All kinds of terrible scenarios come to mind, made worse by this book’s (very) long journey to publication.

And speaking of Southern Writers...

In honor of NO ONE KNOWS, I'm giving away a signed copy of WHAT LIES BEHIND. (so you'll have something to read after you finish NO ONE KNOWS!)

Click here to enter!


J.T. Ellison

New York Times bestselling author J.T. Ellison writes dark psychological thrillers starring Nashville Homicide Lt. Taylor Jackson and medical examiner Dr. Samantha Owens, and pens the Nicholas Drummond series with #1 New York Times bestselling author Catherine Coulter. Cohost of the premier literary television show, A Word on Words, Ellison lives in Nashville with her husband and twin kittens.

For more insight into her wicked imagination, join J.T.’s email list at jtellison.com/subscribe, or follow her online at Facebook.com/JTEllison14 or on Twitter @thrillerchick.

11.19.15 - 7(ish) Minutes With... Dana Chamblee Carpenter

Dana Carpenter is brilliant. There, I said it. Brilliant, and beautiful, and funny and fun. She's the whole package, with a wicked imagination to boot. We met several years ago at a Nashville writers lunch, and our paths continued crossing until they were intertwined into a genuine friendship. And then Dana birthed a beautiful baby book. I was so excited to read it, because—FRIEND—and then . . . It is so rare for a book to surprise me—any book—but BOHEMIAN GOSPEL blew me away.  An assured and exquisite debut, the story, the characters—it's NOT what you think, I will guarantee you that. I can't talk anymore about the book without giving it away. Suffice it to say, I was shocked this was Dana's debut, and I can't recommend it highly enough.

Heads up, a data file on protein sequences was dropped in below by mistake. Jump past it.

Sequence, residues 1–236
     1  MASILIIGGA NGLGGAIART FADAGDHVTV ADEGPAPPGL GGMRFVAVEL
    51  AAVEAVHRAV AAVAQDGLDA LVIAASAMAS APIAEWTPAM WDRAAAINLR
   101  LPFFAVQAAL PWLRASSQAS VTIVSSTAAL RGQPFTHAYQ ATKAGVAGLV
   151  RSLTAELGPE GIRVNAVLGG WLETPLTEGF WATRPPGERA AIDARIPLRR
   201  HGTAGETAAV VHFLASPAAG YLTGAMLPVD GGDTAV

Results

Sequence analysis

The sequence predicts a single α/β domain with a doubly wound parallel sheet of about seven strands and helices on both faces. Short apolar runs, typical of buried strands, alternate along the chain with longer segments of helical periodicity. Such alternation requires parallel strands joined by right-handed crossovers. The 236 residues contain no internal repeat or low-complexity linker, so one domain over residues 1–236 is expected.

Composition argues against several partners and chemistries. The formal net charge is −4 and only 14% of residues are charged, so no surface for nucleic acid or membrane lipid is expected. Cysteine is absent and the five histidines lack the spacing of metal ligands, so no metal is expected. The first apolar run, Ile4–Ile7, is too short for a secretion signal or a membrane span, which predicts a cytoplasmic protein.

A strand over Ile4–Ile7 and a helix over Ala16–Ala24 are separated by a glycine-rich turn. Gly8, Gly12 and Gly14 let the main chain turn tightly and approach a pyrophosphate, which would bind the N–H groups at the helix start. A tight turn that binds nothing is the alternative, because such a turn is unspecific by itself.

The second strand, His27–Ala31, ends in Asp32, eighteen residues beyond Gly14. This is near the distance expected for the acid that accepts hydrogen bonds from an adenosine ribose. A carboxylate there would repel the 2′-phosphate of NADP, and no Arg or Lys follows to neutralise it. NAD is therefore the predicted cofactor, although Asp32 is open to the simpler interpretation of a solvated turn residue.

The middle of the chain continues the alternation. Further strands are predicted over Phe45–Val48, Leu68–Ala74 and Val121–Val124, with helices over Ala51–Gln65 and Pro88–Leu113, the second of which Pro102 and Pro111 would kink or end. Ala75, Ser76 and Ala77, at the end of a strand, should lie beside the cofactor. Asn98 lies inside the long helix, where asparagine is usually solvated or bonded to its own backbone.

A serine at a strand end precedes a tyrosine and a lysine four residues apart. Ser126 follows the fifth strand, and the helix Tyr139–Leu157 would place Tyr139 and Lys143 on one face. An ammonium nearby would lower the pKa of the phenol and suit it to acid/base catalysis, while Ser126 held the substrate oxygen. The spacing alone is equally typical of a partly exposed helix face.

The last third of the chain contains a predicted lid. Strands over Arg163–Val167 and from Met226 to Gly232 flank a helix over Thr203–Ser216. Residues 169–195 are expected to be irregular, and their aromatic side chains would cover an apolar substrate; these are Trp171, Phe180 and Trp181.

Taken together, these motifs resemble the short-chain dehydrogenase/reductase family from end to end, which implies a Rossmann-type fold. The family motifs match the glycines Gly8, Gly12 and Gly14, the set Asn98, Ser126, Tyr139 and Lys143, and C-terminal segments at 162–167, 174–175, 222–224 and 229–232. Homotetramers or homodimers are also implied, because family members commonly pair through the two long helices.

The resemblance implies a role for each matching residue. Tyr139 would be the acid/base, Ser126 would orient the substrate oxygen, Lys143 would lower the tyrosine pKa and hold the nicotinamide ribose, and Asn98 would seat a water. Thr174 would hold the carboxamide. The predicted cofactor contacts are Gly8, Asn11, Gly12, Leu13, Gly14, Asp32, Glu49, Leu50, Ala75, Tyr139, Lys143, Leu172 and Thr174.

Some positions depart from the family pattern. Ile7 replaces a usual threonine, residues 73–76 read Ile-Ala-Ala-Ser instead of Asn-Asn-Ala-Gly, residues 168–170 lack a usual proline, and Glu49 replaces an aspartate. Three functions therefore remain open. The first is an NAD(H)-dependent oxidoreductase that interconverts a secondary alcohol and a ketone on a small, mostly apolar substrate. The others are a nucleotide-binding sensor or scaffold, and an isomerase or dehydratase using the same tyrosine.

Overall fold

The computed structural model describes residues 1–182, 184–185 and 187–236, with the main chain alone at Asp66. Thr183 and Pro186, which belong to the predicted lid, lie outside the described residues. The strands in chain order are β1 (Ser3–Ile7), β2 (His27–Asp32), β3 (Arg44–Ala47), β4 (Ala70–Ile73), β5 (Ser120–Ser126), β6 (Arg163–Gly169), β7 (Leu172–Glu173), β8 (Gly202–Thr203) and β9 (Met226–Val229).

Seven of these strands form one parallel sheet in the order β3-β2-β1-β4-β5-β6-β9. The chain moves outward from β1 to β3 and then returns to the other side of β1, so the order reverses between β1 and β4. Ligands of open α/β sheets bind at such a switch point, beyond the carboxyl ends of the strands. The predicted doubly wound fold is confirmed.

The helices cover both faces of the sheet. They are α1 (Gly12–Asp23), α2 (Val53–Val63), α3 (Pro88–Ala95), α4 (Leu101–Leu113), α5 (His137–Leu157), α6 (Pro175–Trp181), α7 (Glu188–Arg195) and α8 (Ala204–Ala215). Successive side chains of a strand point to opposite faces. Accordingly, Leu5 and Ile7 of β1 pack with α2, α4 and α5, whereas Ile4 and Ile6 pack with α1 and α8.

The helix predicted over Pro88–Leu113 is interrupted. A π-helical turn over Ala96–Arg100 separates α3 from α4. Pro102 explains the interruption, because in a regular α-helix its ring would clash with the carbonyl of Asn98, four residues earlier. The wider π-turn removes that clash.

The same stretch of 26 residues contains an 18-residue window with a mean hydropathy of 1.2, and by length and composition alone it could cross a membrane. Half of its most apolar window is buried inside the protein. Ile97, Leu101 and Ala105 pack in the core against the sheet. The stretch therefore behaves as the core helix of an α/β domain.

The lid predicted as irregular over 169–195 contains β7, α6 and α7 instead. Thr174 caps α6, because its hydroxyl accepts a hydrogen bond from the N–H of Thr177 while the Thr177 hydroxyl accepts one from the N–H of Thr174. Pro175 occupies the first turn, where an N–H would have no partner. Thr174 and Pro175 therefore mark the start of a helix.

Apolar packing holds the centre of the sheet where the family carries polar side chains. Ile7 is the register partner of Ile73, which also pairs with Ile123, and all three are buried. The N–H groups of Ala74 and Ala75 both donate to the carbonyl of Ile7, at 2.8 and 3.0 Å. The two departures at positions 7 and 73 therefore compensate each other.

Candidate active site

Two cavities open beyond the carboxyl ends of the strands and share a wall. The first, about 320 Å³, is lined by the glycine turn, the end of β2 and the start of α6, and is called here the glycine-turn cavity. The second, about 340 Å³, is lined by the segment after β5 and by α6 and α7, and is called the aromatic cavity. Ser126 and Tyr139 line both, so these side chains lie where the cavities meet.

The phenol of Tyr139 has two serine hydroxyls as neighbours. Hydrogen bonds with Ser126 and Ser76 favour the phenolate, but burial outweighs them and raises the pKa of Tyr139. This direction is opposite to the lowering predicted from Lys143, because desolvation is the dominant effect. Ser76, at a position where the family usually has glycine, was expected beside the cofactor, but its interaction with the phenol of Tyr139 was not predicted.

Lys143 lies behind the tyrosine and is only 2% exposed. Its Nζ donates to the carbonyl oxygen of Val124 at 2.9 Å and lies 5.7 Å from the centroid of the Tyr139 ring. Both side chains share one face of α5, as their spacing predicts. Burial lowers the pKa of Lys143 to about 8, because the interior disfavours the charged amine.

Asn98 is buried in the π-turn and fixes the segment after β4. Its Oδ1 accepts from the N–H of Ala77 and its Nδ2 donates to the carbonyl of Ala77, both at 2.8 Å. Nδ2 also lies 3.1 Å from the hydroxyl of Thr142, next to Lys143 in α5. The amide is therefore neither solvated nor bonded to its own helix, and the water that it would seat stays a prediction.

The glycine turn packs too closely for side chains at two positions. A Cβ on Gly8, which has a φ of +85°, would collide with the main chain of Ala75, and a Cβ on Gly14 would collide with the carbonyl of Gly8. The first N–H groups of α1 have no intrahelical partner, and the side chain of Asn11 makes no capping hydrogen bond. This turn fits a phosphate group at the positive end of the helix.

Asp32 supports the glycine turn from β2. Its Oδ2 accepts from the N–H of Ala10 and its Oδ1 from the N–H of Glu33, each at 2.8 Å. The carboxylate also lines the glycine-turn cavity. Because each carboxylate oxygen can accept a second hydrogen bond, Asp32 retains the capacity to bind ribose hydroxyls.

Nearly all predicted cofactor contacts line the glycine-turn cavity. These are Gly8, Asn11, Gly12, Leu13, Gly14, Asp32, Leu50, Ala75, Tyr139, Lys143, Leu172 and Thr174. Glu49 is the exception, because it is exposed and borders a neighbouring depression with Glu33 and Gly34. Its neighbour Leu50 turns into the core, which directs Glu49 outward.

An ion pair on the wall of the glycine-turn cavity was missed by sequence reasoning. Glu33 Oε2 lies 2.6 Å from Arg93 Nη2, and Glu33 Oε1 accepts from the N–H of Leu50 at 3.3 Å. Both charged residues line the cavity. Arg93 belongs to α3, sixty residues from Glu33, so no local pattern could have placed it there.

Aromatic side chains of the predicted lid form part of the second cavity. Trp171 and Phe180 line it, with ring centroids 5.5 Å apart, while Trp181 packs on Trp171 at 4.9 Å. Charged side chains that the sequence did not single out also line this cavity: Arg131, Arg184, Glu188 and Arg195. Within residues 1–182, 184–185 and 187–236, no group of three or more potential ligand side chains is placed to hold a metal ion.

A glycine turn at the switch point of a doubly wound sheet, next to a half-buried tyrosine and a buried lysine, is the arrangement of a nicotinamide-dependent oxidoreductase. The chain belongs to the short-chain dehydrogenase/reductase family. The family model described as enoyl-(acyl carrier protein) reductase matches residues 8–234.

I had the great pleasure of interviewing Dana in person at Parnassus Books last weekend. I'm thrilled to share her in print today. Take it away, Dana!


BOHEMIAN GOSPEL is your debut novel—congratulations, by the way! Publisher’s Weekly called it “a deliciously creepy debut,” which I just loved. Fill in readers on what BOHEMIAN GOSPEL is all about.

Thank you! It all still feels a little unreal. 

Ok, so about BOHEMIAN GOSPEL—We have a girl, Mouse, who has grown up in an abbey in 13th century Bohemia. Mouse has no idea who her family was/is, and she has a slew of unusual abilities that scare most people, even her. She thinks she’s been given these abilities for a reason—she just doesn’t know what that reason is. Then Ottakar, the young king of Bohemia, shows up at the abbey wounded, dying, and it’s up to Mouse to save him. 

And to figure out who’s trying to kill him. 

She heads off to the royal court at Prague, and the deeper she gets sucked into the deadly intrigue there, the darker things get, and the closer she gets to discovering her destiny. Which is anything BUT what she’d expected. 

How did you come up with this story? Was there anything in particular that inspired you?

Mouse came to me. I saw her so clearly it felt like my own memory. She was looking out over a battlefield, toward one soldier in particular, and her face was this vivid mix of anger and sadness and determination. I felt all that with her. And I had to know why she was angry and sad and what she was dead-set on doing. I had to know who she was and where and when she was.